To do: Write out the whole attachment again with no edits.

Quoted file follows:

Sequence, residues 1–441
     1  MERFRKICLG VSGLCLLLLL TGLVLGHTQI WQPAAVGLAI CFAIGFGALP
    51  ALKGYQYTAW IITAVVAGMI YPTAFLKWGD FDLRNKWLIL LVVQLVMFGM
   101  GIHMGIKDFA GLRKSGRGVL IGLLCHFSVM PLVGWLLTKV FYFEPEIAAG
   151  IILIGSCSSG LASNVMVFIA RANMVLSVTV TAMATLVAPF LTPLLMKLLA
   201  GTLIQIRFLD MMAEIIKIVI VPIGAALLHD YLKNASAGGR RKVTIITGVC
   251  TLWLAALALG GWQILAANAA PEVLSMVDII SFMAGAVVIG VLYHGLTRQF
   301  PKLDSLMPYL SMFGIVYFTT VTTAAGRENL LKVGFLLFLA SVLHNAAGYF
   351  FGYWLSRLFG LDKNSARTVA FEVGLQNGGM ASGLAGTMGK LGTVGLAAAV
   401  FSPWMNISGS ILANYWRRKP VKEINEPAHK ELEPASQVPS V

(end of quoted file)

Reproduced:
Sequence, residues 1–441
     1  MERFRKICLG VSGLCLLLLL TGLVLGHTQI WQPAAVGLAI CFAIGFGALP
    51  ALKGYQYTAW IITAVVAGMI YPTAFLKWGD FDLRNKWLIL LVVQLVMFGM
   101  GIHMGIKDFA GLRKSGRGVL IGLLCHFSVM PLVGWLLTKV FYFEPEIAAG
   151  IILIGSCSSG LASNVMVFIA RANMVLSVTV TAMATLVAPF LTPLLMKLLA
   201  GTLIQIRFLD MMAEIIKIVI VPIGAALLHD YLKNASAGGR RKVTIITGVC
   251  TLWLAALALG GWQILAANAA PEVLSMVDII SFMAGAVVIG VLYHGLTRQF
   301  PKLDSLMPYL SMFGIVYFTT VTTAAGRENL LKVGFLLFLA SVLHNAAGYF
   351  FGYWLSRLFG LDKNSARTVA FEVGLQNGGM ASGLAGTMGK LGTVGLAAAV
   401  FSPWMNISGS ILANYWRRKP VKEINEPAHK ELEPASQVPS V